Saman Seydi, 27, a Kurdish rapper known as Yasin, was sentenced to death after being accused of trying to kill security forces and setting a bin on fire. He won an appeal but has been tortured and is still in Rajai Shahr Prison.

Death row: In November, a court in Tehran sentenced Manouchehr Mehman Navaz, 45, to death for allegedly setting fire to a state building in protests. Authorities want his execution to take place in public, at the site of the alleged arson incident.

Imprisoned: Mahsa Peyravi, 25, was arrested after taking off her mandatory hijab during a protest in Tehran in October. It has since been reported she got a 10-year sentence on a charge of “encouraging prostitution”.

Death row: Authorities were ready to execute protester Mahan Sadrat Madani, 22, but his appeal for a retrial was upheld. However, Amnesty International says he could be sentenced to death again and is still fighting for his release.

Imprisoned: In December, illustrator Vajihe Pari Zanganeh was initially sentenced to 15 years. This was cut to six years after appeals. One of the things that she is accused of is embroidering the phrase “one must cry blood” on her clothes.

Executed: Volunteer children’s coach Seyyed Mohammad Hosseini, 20, was sentenced to death at the same hearing as Mohammad. His lawyer said he had been tortured. Seyyed was banned from seeing family before he died.

Died in custody: Taxi driver Hamed Salahshoor, 23, was detained on November 26 for protesting. Four day later, he died with security forces claiming he’d had a heart attack – his family said Hamed’s body showed signs of torture.

Actor Hossein Mohammadi, 26, was sentenced to death in December, on the charge of “corruption on Earth”. It is used by the courts against protestors. Hossein was linked to the killing of a member of the Basij, but has denied this.

Executed: In December, Majidreza Rahnavard, 23, was publicly hanged in the city of Mashhad. A court convicted him of “enmity against God” after ruling he had killed two members of the paramilitary Basij Resistance Force.

Akbar Ghafari was arrested after sheltering protestors at his sister’s home in Tehran. It’s believed he was tortured into signing a statement incriminating him in a killing. He is now in solitary at Fashafouyeh Prison in the capital.

Mohammad Ghobadlou, 22, had his execution upheld by the Supreme Court on December 24. He suffers from bipolar disorder and is accused of killing a police officer by running him over – but there is reportedly little evidence he was involved.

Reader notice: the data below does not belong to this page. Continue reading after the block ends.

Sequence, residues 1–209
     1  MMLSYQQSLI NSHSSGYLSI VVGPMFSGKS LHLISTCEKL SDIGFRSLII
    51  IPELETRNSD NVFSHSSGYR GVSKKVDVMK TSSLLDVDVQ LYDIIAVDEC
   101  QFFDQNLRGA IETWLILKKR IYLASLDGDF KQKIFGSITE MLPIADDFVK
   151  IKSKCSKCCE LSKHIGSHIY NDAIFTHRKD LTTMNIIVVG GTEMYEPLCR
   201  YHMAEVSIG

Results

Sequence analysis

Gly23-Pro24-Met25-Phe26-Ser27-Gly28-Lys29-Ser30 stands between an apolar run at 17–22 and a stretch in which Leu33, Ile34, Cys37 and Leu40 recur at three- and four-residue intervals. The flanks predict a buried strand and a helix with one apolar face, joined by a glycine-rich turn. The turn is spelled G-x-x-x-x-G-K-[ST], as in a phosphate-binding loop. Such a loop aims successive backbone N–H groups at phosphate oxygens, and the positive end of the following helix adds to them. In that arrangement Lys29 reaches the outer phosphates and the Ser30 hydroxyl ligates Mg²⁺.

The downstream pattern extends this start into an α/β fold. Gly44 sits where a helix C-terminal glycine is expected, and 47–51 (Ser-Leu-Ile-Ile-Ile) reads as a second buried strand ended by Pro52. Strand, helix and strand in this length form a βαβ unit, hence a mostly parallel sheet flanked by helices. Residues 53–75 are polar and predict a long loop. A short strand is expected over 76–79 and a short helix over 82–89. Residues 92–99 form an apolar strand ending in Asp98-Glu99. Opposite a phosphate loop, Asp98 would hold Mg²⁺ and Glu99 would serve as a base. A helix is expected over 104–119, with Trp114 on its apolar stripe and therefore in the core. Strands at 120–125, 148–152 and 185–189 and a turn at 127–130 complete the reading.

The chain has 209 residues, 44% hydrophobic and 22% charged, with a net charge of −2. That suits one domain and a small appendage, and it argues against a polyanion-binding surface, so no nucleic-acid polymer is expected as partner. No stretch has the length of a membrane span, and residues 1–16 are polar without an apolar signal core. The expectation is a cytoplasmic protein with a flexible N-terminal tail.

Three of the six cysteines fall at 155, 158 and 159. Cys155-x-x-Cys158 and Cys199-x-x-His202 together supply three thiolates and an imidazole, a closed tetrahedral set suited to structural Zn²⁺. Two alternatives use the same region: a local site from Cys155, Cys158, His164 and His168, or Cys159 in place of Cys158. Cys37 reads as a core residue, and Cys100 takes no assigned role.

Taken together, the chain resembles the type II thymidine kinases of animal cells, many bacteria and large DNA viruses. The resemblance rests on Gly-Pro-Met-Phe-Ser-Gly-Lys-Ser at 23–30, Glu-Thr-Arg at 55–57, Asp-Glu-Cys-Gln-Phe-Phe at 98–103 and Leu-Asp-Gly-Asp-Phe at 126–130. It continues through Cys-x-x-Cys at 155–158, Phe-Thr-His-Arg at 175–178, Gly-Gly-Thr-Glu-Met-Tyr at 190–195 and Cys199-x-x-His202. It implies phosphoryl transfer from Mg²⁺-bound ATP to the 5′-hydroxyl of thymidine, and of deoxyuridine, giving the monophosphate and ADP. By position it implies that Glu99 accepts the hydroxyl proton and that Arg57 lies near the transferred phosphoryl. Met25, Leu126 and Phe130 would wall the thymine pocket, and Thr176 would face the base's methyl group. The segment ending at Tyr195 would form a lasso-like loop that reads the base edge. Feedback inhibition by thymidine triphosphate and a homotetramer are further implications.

Executed: The execution of Mohsen Shekari, 23, in December was the first known state-sanctioned killing as a direct result of the Mahsa Amini protests. He was convicted of injuring a member of the Basij militia and “waging war against God.”

Died in custody: Yalda Aghafazli, a 19-year-old artist, was arrested on October 26, and freed after 10 days. A few days later, she was found dead in her bed. It was claimed she took her own life, but Yalda had spoken of being beaten and tortured in custody.

Died in custody: Aged just 16, Arshia Emamgholizadeh was arrested for tossing a cleric’s turban last month. He was released on bail after 10 days, but died two days later. Arshia had said prison authorities gave him pills and had tortured him.

Death row: Hamid Ghare-Hasalou, 53, was held with wife Farzaneh on October 3, after they were caught up in protests. The doctor was reportedly tortured into making admitting crimes including taking part in the fatal assault of a militia agent.

Death row: Amir Nasr Azadani was initially sentenced to death for “campaigning for women’s rights”. The 26-year-old, who played in the top tier of Persian football, is now serving 16 years. Some reports have suggested his confession was coerced.

Death row: Despite protests calling for his release, protestor Mohammad Broghani, 19, has had his execution approve by the Iranian Supreme Court. He had been moved to solitary confinement in the tough Rajai Shahr jail in Karaj, near Tehran.

'We must speak up...silence is violence'

By Omid Djalili, British-Iranian actor and comedian

Following the death of Mahsa Amini, British-Iranian actor and comedian Omid, 57, has been speaking out on social media and at protests, including one last week in London.

Omid says: “Since 1988, Iranians have seen these types of uprisings several times before, but they’ve all been quashed.

“When the protests first kicked off in September, I felt this time it was different. This time, it seemed like we were in it for the long haul and there would be a lot of bloodshed – and we’ve been proved right.

Comedian Omid Djalili (Essex Chronicle)

“Social media is a weapon, and silence is violence. The Iranian diaspora, especially those who have a platform, need to speak out. That’s why I joined in – for somebody like me, silence is not an option. Myself and my family come from the Baháʼí faith, a persecuted minority in Iran.

“We have been targeted for years – my people have been killed, as well as other minorities.

“But what has changed is the regime is now killing rank and file Iranians from Muslim families. Once they’ve done that, they’ve crossed a line. The regime is targeting young people – the brightest, the people who are charismatic, future leaders.

“It’s unbelievable what the regime is doing, but there is an awareness of what is happening.

“The #SAYTHEIRNAMES campaign is pretty huge. We’ve found by shouting the names of those at risk, we have been able to save lives and lessen prison sentences.”